Are you considering a home renovation as a way to increase the value of your propety? There are two ways that you can build value with any real estate investment. The first is through natural appreciation where the value of the property grows over time due to increased demand. Historically real estate has appreciated at a much faster pace than the rate of inflation. In California, real estate has appreciated at nearly 5% annually since the year 2000 which exceeds the inflation rate of about 2.2% over the same period.
The Bay Area real estate market continues to confound experts with high property prices which counters commonly held economic theory. Mortgage interest rates are at historic lows, buyer demand remains robust even in the face of widespread job losses, and prices for homes are at record high levels. So what gives? The basic supply and demand curve from microeconomic theory explains that as demand increases while supply remains constant (or declines), prices will go up.
Many clients ask me about the sale of their home capital gains taxes they may owe. Capital gains are the difference between how much you pay for a capital asset how much you sell it for. These gains can have important tax considerations when you sell your home. Home sale capital gains tax rates vary depending on how long you have owned your home, and whether or not it is a primary residence. While this article is not advice on how you file your taxes, it is intended to help you understand how home sale income is treated from a tax perspective.
Traditionally, spring is one of the busiest times of the year for real estate. However, the coronavirus outbreak – and subsequent stay-at-home orders – has led many people to reconsider whether to buy or sell real estate right now. In April, new listings fell nearly 45%, and sales volume fell 15% compared to last year.
Fortunately, as restrictions have eased, we’ve seen an uptick in market activity. Economists expect a rebound in July, August, and September, as fears about the pandemic subside, and buyers return to the market with pent-up demand from a lost spring season.
Purchasing in a housing market with limited inventory and many competing buyers can be daunting and discouraging. This environment is known as a seller’s market where the seller has pricing power due to a large amount of demand from prospective buyers. Even as the real estate industry undergoes a shift to more virtual practices due to the global pandemic, in markets like the Bay Area, sellers continue to retain the ability to command high prices for their properties.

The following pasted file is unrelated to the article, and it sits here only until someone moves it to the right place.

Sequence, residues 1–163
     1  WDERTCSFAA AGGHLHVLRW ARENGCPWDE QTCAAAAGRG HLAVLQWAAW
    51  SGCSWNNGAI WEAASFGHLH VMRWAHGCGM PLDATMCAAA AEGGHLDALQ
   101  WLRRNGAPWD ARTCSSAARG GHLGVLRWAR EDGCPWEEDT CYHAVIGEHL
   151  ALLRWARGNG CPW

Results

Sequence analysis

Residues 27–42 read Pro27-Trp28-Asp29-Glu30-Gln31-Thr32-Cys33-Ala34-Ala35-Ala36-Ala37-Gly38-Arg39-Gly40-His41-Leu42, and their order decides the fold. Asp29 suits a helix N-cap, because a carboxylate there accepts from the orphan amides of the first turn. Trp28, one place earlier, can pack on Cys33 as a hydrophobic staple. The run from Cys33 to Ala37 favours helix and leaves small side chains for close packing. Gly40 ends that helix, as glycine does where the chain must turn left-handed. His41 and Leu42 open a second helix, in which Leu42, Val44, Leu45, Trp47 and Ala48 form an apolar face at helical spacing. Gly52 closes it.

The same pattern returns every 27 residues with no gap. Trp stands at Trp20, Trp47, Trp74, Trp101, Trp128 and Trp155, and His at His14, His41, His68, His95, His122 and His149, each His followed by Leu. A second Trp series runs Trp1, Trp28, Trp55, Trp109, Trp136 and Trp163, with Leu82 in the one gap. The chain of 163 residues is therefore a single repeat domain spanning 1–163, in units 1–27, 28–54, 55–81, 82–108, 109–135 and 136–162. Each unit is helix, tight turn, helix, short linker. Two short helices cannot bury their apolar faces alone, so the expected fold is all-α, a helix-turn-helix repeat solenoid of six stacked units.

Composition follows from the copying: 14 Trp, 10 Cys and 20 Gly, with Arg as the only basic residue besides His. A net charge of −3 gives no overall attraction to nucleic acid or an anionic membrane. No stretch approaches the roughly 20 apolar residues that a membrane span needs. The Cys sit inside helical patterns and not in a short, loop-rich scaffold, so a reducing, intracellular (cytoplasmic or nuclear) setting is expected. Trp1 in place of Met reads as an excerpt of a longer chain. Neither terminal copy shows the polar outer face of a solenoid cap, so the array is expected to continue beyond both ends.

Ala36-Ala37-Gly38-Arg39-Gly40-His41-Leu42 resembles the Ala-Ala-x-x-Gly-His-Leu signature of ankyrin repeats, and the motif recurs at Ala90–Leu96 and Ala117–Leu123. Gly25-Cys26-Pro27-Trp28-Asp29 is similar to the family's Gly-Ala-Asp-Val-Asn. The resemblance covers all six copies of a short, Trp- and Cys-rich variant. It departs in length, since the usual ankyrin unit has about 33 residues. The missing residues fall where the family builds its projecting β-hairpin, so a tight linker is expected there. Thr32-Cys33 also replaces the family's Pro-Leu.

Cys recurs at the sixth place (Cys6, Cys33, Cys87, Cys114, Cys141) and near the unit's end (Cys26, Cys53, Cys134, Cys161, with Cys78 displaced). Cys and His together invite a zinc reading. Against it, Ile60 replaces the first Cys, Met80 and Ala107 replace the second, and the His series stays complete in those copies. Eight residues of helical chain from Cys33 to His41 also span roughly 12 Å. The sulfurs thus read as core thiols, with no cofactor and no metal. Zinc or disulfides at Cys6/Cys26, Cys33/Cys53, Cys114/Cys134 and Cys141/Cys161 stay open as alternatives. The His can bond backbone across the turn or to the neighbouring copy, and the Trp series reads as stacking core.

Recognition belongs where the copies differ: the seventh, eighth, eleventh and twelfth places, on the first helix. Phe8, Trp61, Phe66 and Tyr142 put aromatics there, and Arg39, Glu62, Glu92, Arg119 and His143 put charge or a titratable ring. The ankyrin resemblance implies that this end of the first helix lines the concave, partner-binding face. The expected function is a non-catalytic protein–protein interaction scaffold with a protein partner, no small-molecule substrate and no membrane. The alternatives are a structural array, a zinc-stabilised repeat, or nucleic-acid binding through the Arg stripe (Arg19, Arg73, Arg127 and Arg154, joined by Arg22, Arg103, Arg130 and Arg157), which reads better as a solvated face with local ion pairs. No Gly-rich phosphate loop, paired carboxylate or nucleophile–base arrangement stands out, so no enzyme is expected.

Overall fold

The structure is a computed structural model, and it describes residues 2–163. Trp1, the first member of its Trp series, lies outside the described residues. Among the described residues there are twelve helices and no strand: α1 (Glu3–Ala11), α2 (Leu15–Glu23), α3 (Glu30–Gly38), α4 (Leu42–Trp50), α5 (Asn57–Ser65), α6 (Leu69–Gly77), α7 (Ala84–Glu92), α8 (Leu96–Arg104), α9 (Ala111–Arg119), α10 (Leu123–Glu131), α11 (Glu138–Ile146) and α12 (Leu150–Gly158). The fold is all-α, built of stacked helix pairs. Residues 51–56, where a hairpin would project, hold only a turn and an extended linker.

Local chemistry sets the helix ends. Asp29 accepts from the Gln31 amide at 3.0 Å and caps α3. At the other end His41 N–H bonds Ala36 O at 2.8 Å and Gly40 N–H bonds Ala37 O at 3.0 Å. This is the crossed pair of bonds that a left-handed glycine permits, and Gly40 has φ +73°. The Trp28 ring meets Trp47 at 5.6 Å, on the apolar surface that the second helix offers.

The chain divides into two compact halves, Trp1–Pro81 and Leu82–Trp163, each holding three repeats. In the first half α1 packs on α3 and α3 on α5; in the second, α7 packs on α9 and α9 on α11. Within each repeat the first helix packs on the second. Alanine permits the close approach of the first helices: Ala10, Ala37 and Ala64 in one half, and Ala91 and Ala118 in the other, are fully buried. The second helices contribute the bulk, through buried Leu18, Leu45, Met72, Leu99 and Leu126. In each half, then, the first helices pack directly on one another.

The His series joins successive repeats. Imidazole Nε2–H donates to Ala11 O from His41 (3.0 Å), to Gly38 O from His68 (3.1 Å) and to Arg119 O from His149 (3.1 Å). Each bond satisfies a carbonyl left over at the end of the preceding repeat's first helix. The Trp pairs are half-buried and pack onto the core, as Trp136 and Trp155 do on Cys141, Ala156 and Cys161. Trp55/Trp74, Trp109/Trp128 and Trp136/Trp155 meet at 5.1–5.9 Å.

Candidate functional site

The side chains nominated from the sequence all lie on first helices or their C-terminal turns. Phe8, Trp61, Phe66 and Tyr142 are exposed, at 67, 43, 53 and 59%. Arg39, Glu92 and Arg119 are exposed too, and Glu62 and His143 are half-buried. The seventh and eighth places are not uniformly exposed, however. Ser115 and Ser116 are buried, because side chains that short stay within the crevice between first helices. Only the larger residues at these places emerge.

It is difficult to think of a single segment of the economy that has not been dramatically improved by technology. I have spent my real estate career, and work in law prior to that, developing a tech stack to help me organize and optimize. For needs large and small, there is a tool to help you accomplish it.
I’ve been investing regularly in social media over the past few years. I was hesitant to even start a blog a few years ago. My husband who is a technology marketer, encouraged me to start publishing my insights on the real estate industry and I’ve since extended my outreach on LinkedIn, Facebook, and particularly, Instagram.
My goal for social media is to give my friends, family, and clients a curated view into my life. I acknowledge that it’s a limited set of highlights, but I’ve recently been getting a lot of positive feedback on my content. I am often asked how I approach my social output, how much time I spend, and if it comes to me as easily as it looks.
Optimize the timing
One of the first things a prospective buyer should do is find an experienced and responsive mortgage lender before making a purchase. In many cases, this could be six months to a year prior to when you want to buy a home. People often delay reaching out to a lender until they have saved a sizable down payment and are ready to put an offer in on a property.